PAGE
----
Today we present Part 4 in our discussion of the optional items that may be requested in connection with the audit of annual incurred cost submissions. This listing is found in FAR 52.216-7(d)(2)(iv) and are identified as items not necessary to support a submission's adequacy but items that may be required during an audit of the incurred costs. Today we look at internal audits, tax returns and SEC filings.
List of all internal audit reports issued since the last disclosure of internal audit reports to the Government. We don't know what benefit a listing of internal audits will contribute to an audit of incurred costs. Perhaps in reviewing the listing, an auditor might spot something that speaks to incurred costs. But a listing is not the audit itself and contractors should know that there is nothing in FAR that requires them to furnish internal audits to the Government. In fact, this all played out in the 2013 NDAA (National Defense Authorization Act) where the Government made a concerted effort to require contractors to provide their internal audits to Government auditors. It didn't happen. What did happen is DCAA was told to go back and document contractor responses to requests for internal audits - this many contractors said "yes" and this many said "no". You can read more about that circus here.
DCAA is going to conduct the audits that, based on risk assessments, need to be conducted to protect the Government's interests. In theory, if the contractor has already audited the systems that DCAA plans to audit, DCAA could review those audits and rely on some or parts of the work, thereby reducing the level of testing it needs to perform. Sounds good in theory but in practice, it doesn't work. When we were auditors, some contractors routinely provided their internal audit reports and accompanying workpapers. We don't recall a single instance where those reports were helpful in the audits we needed to accomplish. Part of the reason was because the contractors were not about to spend time auditing areas that they knew that DCAA was going to audit. And DCAA was not going to audit areas that were of no consequence to Government contracting (like internal controls over the petty cash fund).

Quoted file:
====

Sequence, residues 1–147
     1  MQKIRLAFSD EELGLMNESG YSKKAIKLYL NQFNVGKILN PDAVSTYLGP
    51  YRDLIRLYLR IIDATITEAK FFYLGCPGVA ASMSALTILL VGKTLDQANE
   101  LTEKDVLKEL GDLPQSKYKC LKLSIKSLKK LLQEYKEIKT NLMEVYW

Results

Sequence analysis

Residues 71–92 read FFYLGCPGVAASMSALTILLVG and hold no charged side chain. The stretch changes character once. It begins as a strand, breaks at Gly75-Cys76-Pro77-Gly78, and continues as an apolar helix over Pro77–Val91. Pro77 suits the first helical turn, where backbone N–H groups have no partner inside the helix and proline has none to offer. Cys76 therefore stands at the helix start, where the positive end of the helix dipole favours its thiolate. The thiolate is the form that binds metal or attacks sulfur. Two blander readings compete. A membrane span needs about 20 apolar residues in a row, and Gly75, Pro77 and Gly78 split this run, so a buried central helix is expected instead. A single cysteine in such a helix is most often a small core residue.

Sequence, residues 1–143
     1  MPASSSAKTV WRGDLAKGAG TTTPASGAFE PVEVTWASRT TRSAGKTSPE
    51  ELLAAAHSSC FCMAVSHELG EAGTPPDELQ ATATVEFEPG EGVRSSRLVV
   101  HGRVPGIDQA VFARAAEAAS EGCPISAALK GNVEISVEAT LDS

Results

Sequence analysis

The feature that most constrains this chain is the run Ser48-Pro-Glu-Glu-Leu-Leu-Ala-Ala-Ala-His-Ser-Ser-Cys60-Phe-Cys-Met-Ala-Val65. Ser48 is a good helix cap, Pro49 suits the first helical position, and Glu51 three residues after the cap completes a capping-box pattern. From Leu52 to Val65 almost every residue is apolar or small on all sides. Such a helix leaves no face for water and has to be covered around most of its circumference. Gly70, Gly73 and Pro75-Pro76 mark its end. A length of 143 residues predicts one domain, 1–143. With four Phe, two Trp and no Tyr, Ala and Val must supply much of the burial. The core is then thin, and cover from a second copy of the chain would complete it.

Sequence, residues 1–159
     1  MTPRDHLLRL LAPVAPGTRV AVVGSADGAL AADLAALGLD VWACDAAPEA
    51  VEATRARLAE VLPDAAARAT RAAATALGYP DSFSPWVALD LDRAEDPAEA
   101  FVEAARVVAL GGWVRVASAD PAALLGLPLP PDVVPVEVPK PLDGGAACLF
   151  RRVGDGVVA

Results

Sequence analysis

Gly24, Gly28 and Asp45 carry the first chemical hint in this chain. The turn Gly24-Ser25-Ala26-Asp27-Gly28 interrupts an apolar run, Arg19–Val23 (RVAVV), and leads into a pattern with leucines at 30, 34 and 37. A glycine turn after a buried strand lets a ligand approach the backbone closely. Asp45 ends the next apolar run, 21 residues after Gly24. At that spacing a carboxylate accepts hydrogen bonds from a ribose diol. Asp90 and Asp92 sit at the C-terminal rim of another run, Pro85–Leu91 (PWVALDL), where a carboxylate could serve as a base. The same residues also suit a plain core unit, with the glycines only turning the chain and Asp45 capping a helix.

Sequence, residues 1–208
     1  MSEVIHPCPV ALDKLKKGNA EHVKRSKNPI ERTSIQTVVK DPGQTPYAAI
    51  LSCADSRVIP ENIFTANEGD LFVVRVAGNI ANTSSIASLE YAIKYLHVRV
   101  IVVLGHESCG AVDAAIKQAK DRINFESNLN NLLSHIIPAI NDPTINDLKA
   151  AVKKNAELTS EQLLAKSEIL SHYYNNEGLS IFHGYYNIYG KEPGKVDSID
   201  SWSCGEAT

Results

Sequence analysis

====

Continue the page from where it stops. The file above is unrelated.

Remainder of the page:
Bottom line here is that contractors are not required by contract or FAR to provide the Government access to their internal audit reports. They can if they want but its not mandatory. Contractors shouldn't be too skittish about doing so however. In most cases, such reports are benign from a contract auditors perspective. In a perverse thought, giving the auditors access to internal audits will waste their time and take away from the hours they have to do real auditing.
Annual internal audit plan of scheduled audits to be performed int he fiscal year when the final indirect cost rate submission is made. This relates somewhat to the discussion above on internal audits and it is not clear as to the purpose of such a listing as it pertains to audits of historical costs. We could probably make some kind of nexus if we tried but from a practical sense, we just don't see how future internal audits will impact the propriety of historical costs.
Federal and state income tax returns. If contractors claim state income tax as an expense item (allowable under FAR 31.205-41), they're going to have to provide a state tax return to support the costs. Beyond that, there is great angst among contractors in releasing tax returns. Some do willingly while others are very reluctant to do so. One major contractor allows auditors to view and take notes but not to make copies (DCAA grudgingly accepted this restriction). Sole proprietors don't want to show their entire tax return but may be willing to extract the Schedule C from the return and give it to the auditors.
Years ago, an auditor was reviewing a tax return and noted that Research and Development costs for R&D tax credit was much lower than the amount claimed under Government contracts. The Government opened a fraud case but closed it quickly when they realized the definitions of R&D for tax purposes were different than they were under the FAR. That illustrates one of the problems with allowing auditors unfettered access to not only tax returns but other information where they may jump to the wrong conclusions.
Securities and Exchange Commission (SEC) 10-K annual report. This qualifies as the dumbest item on the list and shows how out of touch these folks are. The 10-K reports (and a lot of other information) are available on SEC's EDGAR (Electronic Data Gathering, Analysis and Retrieval System) website for anyone in the world to download.
Tomorrow, the conclusion of this series.